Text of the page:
2006 International Privacy Survey
Privacy International (PI) is a human rights group formed in 1990 as a watchdog on surveillance and privacy invasions by governments and corporations. Recently, it issued the 2006 results of the ranking assessment of the state of privacy in the world.
The aim of this survey was to find countries with nurtured privacy protection and respect for privacy. The survey does not want to humiliate the worst ranking countries but to show that good privacy environment is possible.
Summary of key findings Continue reading
In Chinatowns across the world, one cannot fail to notice the ubiquitous statues of a cheerful rotund figure carrying a hemp sack. The Chinese call him “The Happy Chinaman” or “The Laughing Buddha”. That happy fellow, Pu-tai Ho-shang or “Hemp-bag monk”, was an eccentric Zen beggar priest who lived during the Tang Dynasty. In Japan, he is called Hotei (literally “cloth bag”) and is one of the seven lucky gods. He is supposedly the only member of Japan’s Seven Lucky Gods based on an actual person. He is sometimes mistaken for the historical Buddha Shakyamuni. It is believed that rubbing his pot-belly will bring about wealth, good luck and prosperity. He is considered by many as the patron saint of restaurateurs and bartenders.
Although he was a Zen master, he did not wished to be called one nor he wanted any disciples. Instead, he would walk the streets with his linen sack full of candies, fruits, doughnuts and other goodies. He would give those to the poor and needy and to the children who gather around him to play. The streets were his kindergartens.
Whenever he met a Zen devotee, he would extend his hand and say: “Give me a dime.” And if anyone asked him to return to a temple to teach others, again he would reply: “Give me a dime.”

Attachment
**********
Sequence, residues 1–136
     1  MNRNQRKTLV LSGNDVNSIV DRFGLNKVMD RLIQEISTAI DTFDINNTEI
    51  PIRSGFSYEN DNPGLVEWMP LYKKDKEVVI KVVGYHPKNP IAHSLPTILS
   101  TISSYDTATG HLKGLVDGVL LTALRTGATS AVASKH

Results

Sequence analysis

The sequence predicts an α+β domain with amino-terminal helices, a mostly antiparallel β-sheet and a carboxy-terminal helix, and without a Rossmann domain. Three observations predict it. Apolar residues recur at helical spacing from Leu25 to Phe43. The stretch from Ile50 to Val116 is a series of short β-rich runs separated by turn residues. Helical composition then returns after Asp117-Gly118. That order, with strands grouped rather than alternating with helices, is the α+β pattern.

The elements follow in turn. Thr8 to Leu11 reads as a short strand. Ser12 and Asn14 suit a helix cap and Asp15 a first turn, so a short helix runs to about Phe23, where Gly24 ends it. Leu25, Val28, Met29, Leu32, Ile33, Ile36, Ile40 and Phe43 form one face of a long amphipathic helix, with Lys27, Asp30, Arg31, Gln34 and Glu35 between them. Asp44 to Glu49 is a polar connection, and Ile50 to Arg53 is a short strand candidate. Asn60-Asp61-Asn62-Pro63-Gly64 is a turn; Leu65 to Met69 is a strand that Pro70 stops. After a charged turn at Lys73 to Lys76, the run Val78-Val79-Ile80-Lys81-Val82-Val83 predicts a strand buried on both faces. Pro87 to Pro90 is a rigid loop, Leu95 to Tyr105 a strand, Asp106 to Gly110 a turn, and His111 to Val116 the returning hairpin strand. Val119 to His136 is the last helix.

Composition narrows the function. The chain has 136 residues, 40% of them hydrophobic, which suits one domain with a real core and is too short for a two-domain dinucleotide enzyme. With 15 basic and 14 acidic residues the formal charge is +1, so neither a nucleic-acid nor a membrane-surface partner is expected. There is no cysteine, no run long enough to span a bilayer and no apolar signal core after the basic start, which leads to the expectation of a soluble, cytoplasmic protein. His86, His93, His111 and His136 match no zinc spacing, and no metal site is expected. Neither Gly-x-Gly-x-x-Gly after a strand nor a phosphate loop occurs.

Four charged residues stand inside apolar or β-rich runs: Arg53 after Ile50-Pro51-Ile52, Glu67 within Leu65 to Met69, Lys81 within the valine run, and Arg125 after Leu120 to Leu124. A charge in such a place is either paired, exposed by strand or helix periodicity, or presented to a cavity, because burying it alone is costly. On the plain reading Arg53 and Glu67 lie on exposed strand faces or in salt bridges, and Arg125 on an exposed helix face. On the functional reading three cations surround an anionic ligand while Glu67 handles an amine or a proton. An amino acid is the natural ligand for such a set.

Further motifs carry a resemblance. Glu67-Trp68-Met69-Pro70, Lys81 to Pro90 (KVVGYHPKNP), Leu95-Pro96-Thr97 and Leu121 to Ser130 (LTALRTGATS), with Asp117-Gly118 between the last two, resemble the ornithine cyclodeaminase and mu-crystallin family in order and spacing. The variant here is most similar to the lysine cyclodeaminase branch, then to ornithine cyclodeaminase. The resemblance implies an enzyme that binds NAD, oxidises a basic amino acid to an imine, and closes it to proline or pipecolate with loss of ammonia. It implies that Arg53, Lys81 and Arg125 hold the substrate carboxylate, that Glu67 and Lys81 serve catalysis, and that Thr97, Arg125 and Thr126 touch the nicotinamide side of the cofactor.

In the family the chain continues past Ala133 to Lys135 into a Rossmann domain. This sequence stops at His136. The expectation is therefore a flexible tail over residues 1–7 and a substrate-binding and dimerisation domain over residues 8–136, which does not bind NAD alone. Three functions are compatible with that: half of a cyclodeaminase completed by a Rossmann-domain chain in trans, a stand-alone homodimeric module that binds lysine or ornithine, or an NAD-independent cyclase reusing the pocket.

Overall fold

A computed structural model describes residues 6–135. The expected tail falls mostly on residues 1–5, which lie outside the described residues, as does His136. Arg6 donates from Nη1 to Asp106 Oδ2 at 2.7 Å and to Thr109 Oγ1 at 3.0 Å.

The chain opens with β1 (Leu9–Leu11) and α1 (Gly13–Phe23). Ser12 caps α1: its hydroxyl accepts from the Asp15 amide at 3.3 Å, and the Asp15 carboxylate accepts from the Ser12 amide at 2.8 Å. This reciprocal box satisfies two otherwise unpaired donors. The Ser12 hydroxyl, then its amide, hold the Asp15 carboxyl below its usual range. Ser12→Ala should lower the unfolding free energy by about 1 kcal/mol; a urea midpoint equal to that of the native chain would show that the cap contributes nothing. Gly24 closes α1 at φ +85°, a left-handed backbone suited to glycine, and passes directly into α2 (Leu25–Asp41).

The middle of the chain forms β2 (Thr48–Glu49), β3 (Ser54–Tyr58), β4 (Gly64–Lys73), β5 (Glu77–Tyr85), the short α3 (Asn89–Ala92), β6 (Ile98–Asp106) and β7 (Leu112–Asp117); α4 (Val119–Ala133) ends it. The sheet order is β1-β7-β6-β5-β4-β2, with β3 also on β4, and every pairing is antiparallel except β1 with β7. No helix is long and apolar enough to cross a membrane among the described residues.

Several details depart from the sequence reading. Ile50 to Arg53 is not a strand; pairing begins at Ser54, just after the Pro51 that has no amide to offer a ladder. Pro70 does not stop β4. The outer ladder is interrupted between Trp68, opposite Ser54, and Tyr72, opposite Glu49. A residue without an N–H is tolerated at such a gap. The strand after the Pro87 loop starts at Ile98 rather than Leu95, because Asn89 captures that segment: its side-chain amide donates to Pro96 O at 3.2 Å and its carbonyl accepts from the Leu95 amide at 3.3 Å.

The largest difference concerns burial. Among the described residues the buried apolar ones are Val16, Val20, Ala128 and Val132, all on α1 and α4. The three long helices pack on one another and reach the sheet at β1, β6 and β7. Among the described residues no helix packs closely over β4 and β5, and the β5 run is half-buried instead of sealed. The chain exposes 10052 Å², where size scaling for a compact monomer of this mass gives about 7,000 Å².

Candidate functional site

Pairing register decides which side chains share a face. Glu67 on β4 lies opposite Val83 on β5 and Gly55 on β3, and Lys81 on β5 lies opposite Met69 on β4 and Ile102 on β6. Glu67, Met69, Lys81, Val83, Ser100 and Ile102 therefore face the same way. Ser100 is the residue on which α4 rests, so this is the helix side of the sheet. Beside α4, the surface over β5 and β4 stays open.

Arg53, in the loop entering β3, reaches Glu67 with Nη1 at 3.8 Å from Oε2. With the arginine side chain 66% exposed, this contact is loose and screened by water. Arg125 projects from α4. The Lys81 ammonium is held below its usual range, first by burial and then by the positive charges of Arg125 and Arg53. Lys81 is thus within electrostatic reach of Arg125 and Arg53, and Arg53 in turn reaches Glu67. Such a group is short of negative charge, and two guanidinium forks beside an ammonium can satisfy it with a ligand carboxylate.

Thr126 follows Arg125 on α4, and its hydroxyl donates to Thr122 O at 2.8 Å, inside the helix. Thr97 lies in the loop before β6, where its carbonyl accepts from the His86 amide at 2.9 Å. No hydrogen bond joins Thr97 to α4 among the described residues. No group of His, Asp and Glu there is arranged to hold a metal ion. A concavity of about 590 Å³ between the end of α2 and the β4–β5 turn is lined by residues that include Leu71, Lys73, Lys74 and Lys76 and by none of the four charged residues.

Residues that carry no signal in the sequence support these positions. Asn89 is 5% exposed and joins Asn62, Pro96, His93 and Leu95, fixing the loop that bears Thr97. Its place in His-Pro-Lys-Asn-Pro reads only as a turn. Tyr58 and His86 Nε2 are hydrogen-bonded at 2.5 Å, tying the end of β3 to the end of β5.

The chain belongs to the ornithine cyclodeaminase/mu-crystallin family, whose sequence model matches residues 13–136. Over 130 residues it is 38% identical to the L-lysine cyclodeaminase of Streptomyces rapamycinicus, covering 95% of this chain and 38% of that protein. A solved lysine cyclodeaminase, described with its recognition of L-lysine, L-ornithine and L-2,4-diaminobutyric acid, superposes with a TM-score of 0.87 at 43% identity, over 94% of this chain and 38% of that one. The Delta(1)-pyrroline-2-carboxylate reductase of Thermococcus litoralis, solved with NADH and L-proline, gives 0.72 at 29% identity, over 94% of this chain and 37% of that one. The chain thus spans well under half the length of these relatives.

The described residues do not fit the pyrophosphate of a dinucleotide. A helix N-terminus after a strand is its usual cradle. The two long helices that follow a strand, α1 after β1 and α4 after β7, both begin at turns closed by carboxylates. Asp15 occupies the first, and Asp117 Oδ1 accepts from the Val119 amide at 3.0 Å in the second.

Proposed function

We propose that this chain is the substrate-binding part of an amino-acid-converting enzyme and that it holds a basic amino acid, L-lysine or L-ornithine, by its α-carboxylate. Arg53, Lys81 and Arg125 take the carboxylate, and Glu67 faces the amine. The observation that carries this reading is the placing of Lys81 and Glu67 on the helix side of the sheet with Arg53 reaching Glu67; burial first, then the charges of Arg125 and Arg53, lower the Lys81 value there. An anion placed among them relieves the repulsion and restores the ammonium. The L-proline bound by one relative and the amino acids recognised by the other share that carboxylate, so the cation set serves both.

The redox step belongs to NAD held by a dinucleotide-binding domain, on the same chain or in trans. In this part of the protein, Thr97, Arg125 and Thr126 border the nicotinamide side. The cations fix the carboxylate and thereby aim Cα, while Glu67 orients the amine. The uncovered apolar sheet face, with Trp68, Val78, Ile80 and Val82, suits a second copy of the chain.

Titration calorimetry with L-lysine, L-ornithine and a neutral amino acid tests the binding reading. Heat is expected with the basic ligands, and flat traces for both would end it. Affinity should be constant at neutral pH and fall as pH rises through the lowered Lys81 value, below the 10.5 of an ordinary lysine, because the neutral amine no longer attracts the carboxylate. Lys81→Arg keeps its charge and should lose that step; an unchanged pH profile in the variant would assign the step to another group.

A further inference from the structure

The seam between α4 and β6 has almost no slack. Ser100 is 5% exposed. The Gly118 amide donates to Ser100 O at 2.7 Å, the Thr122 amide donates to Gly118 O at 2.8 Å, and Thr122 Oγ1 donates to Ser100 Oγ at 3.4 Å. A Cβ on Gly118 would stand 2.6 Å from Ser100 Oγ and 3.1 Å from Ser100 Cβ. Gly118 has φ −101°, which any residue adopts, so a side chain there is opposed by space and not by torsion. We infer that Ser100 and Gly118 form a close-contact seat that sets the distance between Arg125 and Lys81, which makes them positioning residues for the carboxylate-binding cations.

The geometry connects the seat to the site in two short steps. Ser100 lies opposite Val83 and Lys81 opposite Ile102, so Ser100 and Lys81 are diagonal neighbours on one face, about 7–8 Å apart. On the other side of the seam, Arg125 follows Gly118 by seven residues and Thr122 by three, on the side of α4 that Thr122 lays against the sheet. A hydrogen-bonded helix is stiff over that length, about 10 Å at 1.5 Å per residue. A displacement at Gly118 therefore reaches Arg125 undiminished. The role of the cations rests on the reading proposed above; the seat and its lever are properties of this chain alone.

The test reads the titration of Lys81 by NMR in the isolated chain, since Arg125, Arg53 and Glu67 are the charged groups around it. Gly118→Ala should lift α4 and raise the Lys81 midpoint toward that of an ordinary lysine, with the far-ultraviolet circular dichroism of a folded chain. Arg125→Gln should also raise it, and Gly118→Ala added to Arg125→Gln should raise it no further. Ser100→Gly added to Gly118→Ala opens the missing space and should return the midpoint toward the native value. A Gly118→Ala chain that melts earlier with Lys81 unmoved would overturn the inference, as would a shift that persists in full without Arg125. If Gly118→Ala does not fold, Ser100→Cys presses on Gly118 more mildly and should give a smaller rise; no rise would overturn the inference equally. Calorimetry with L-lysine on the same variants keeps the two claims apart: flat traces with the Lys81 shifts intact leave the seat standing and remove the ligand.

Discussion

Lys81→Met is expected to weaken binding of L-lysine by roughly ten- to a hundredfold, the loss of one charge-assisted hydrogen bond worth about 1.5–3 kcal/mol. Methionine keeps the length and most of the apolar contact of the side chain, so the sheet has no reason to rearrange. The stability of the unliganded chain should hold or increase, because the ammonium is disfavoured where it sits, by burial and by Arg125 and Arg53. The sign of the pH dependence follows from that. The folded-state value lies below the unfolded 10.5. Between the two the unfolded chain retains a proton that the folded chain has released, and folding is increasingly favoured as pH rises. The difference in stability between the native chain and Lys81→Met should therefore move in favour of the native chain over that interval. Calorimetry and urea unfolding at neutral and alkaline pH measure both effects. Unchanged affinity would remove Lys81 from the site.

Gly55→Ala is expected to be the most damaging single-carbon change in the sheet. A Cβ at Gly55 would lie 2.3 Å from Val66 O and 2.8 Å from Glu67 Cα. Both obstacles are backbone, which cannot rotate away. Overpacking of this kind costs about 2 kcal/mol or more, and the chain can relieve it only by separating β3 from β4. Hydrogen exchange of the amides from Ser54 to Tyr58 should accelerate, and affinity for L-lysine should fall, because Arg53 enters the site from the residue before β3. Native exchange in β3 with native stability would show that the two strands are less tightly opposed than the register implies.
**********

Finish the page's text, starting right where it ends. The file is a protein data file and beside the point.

One day, another Zen master chanced upon him and inquired: “What is the significance of Zen?”
Hotei immediatly plopped his sack down on the ground in silent answer.
“Then,” asked the other, “what is the actualisation of Zen?”
Immediately, the Happy Chinaman swung the sack over his shoulder and continued on his way.
Anak Malaysia wishes all Chinese “Kong Hee Fatt Choy (Gong Xi Fa Cai)”.
Malaysian Vehicle License Plates Series as at Noon Fri Feb 9, 2007
Asking questions is a fundamental part of finding information and for subtle (and otherwise) persuasion. Here are various pages on questioning:
- Chunking questions: Chunk up and down for more or less detail.
- Clear questions: That are simple and unambiguous.
- Columbo technique: Asking stupid questions that get the answers you want.
- Double bind questions: Whichever way you answer, the result is the same.
- Funnel questioning: Seeking more detail or more general information.
- Group questioning: Tips for asking questions of many people at once.
- Interrogation questions: Questions that lead to answers.
- Kipling questions: Rudyard Kipling’s six servants.
- Leading questions: That may or may not be a good thing for you.
- Open and Closed questions: yes/no or long answer.
- Positive questions: Deliberately leading the other person.
- Probing: Digging for more detail.
- Probing questions: Specific questions for finding detail.
- Questioning traps: A few pitfalls you may like to avoid.
- Responding to questions: Turning questioning to your advantage.
- Rhetorical questions: Questions without answers.
- Selling with questions: how to sell by asking instead of telling.
- Socratic questioning: Socrates’ method of questioning in order to elicit learning.
- Tag questions: Some questions encourage agreement, don’t they?